January 2023 Whole House Commodity Report
By Don Magruder
The RoMac Whole House Commodity Index (Index) for mid-January may have cemented a bottom in the market for the year as wood commodity prices have now capitulated prior to pre-pandemic levels and the first week of January has been littered with announcements of mill closures and curtailments. The Index since mid-December dropped a meager .4 percent to $48,633, and this is the lowest level since November 2021. One big factor which led to any decreases since December is a modest reduction in freight rates as trucking has become a little easier.
The deflation in wood commodities is stunning and below are some key items and the actual cost declines since last January.
19/32” CDX is down $25.45 per sheet
2×4-16 #2 Pine is down $11.76 per board
2×4- 92 5/8 #2 SPF Studs are down $3.86 per stick
7/16” OSB is down $17.66 per sheet
Roof Trusses for our House is down $6,281
All other building supply items are up as labor, trucking, and raw materials in those sectors have not capitulated like wood. One notable increase is the cost of concrete. It is up $28.24 per yard and with the American Infrastructure Plan taking hold with new roads and government projects, concrete could be an issue in 2023.
Here are the price movers on our Index since mid-December.
- Concrete is up 7.0 percent with blocks adding 6.2 percent.
- CDX is down .9 percent while OSB gave back 7.0 percent.
- In pine dimensional lumber, 2×4’s dropped 7.2 percent, 2×6’s declined 14.2 percent, and 2×12’s gave back 8.8 percent.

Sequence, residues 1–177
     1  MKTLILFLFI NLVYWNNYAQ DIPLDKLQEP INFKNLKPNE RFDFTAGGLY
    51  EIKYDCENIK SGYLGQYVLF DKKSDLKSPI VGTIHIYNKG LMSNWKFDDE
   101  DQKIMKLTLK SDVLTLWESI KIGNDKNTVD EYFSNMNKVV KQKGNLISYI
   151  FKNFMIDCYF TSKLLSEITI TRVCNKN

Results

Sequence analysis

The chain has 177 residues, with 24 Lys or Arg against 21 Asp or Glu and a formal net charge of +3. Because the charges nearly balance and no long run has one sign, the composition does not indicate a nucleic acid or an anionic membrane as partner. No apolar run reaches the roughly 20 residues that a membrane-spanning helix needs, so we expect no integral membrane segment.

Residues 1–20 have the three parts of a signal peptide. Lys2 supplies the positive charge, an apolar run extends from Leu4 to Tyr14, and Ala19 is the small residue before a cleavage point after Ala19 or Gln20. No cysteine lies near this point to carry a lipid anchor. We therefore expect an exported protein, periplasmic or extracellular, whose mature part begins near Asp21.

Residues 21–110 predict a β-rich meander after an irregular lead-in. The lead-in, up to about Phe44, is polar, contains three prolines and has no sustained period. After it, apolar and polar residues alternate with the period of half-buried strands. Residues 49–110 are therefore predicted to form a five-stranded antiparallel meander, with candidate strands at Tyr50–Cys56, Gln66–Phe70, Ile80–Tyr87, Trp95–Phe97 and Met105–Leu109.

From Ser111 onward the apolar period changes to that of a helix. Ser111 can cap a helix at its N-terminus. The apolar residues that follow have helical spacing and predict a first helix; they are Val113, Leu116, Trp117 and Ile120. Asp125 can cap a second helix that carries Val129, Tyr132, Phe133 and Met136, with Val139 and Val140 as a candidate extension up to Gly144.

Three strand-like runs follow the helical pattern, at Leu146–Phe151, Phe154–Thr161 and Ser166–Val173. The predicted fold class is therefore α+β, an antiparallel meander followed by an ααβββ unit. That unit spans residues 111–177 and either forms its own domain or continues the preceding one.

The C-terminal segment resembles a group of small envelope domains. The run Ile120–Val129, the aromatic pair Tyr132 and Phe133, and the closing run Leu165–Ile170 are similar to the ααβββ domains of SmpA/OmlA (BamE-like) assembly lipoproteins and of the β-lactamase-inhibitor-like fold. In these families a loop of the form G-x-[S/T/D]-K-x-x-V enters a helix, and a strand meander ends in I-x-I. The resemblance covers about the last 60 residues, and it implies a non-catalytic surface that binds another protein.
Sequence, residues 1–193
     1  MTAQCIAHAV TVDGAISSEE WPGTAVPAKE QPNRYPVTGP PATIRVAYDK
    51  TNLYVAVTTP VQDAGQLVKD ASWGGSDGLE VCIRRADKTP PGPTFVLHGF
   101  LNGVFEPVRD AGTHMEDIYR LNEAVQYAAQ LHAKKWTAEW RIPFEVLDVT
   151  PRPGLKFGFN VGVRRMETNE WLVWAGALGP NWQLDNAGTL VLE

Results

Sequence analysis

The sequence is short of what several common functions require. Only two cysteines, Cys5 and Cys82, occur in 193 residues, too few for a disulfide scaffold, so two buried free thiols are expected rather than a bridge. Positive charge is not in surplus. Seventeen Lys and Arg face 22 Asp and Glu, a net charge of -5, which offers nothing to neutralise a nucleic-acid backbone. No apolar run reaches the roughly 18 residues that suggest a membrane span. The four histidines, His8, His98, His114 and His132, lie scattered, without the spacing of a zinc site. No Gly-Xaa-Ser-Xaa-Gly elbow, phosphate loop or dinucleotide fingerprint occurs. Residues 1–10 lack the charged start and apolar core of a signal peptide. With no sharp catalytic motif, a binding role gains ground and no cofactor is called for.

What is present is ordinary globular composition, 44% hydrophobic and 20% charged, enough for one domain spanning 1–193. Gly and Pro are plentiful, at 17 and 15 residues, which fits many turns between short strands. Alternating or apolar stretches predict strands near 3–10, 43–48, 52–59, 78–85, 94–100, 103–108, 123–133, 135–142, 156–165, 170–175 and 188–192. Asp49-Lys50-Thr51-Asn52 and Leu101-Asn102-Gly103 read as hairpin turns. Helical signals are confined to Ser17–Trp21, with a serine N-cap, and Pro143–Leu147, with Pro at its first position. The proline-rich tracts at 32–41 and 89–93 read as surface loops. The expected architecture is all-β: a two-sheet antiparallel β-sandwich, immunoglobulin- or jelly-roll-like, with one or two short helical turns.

- Spruce studs dropped 1.0 percent while dimensional SPF #2 declined 2.0 percent and 2×6 was down 1.2 percent.
- Roof trusses for our house dropped 5.7 percent.
- 4×4-8 treated was down 3.6 percent and 2×4 treated was off 4.3 percent.
- Base moulding added5.5 percent on increased operational costs.
All other pricing remained steady with the drywall manufacturers announcing huge increases for January and February.
Unemployment remains historically low, and labor remains tight. While fuel prices have dropped, they remain elevated and available trucking is better, but still remains stressed as truck drivers are still in high demand. The chances of recession in 2023 are fading as the Federal Reserve indicates interest rate hikes will slow and the latest inflation reports are encouraging, plus as employment remains robust with stronger labor rates, it is hard to see a recession with these types of positive employment numbers.
More importantly, homebuyers and builders are starting to accept mortgage rates which are still at historical modest levels. For the state of Florida, population will fuel demand as the Census Bureau reports in the year ending July 2022, the state of Florida was adding over 8,000 new residents per week- that is a new town every month.
Builders need to be cautious about future pricing. If demand improves as the winter wanes which it should and the wood commodity markets are at pre-pandemic lows, the pricing today will not be the pricing you will pay in the spring. In fact, builders should ensure price escalation clauses are in all contracts. Understand, at this point the market is at the bottom and the only trajectory is up.
I could be wrong, but I think January 2023 is probably the bottom of the market for this year. We will see.
The RoMac Building Supply Whole House Commodity Index is based on wholesale costs of the base components to build a 2,200-square foot wood frame home with a concrete stem wall in Central Florida. The Index includes foundation, metal, concrete, block, stucco, cement, wood framing, siding, sheathings, trusses, roofing, drywall, insulation, windows, doors, trim, garage doors, and most building hardware. It does not include décor, electrical, plumbing, mechanical, landscaping or labor. Because the Index uses current wholesale costs, this should be a strong indicator of the direction of building prices for the next 30-45 days.
Don Magruder is the Chief Executive Officer of RoMac Building Supply in Central Florida. For great videos and Don’s weekly column, go to www.AroundTheHouse.Tv to subscribe to our YouTube channel and weekly updates.
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